ARLINGTON, Va. – US drivers working for LTLs tend to stay put and not jump from employer to employer.
According to figures released by the American Trucking Association (ATA) the turnover rate for the entire industry was up one percentage point to 92% (annualized rate) for Q1 2014. While it was the slightest of increases, the ATA points out this was the ninth consecutive quarter the rate was above 90%.
In remarking on the figure, ATA chief economist Bob Costello said the rate has been much higher in the past.
“While high, turnover at large truckload carriers is lower than other years when the driver shortage was as acute,” he said. “In 2005, turnover averaged 130%. In 2006, another year with a tight driver market, turnover averaged 117% for this group of carriers.”
At its lowest (which was four years ago) the turnover rate was 39%.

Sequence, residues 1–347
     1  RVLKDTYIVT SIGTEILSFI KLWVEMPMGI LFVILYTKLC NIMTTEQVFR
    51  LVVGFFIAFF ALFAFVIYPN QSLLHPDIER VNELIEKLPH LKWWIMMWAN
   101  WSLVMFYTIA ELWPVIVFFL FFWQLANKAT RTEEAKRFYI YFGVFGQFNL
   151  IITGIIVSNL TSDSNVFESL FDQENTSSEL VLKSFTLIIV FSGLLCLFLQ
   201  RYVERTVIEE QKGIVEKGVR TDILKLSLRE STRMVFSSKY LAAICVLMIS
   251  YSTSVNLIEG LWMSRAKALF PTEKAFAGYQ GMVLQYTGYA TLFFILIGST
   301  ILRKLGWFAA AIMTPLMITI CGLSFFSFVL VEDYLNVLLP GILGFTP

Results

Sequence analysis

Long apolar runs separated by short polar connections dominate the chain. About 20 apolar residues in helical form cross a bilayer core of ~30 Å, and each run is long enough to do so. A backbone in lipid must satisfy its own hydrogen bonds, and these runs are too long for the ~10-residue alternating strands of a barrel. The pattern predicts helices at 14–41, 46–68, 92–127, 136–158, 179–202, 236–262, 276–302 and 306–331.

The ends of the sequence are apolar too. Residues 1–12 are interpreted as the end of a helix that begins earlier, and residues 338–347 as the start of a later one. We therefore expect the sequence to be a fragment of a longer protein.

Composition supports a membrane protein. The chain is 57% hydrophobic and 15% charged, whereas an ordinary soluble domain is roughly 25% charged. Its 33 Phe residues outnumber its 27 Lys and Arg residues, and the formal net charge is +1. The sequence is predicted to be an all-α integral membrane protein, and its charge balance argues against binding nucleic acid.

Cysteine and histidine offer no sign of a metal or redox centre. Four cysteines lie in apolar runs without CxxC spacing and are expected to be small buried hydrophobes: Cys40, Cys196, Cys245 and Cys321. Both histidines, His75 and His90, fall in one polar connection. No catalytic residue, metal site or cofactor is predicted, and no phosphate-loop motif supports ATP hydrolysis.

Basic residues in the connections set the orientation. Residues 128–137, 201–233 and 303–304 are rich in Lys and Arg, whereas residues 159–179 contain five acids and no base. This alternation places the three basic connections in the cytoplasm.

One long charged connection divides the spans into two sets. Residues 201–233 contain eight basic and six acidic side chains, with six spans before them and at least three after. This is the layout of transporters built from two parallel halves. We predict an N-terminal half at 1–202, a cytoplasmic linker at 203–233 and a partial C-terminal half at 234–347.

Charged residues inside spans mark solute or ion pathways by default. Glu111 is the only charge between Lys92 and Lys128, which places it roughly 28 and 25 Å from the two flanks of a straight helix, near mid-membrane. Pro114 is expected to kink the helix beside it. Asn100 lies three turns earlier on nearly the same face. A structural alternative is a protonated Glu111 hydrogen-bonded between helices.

Breaking out the figures, the ATA noted that small truckload fleets saw their turnover slip 1% to 78%, which was the second lowest rate of the past year. In 2005 and 2006, turnover averaged 96% and 109%, respectively, for this group.
As for the American LTL sector, it also dropped 1% to 10%—the lowest mark since the Q2 2013.
Costello noted that poor weather during the first quarter could have kept a lid on turnover and it could still rise as improved economic growth and healthier freight volumes put more pressure on the driver market and the driver shortage.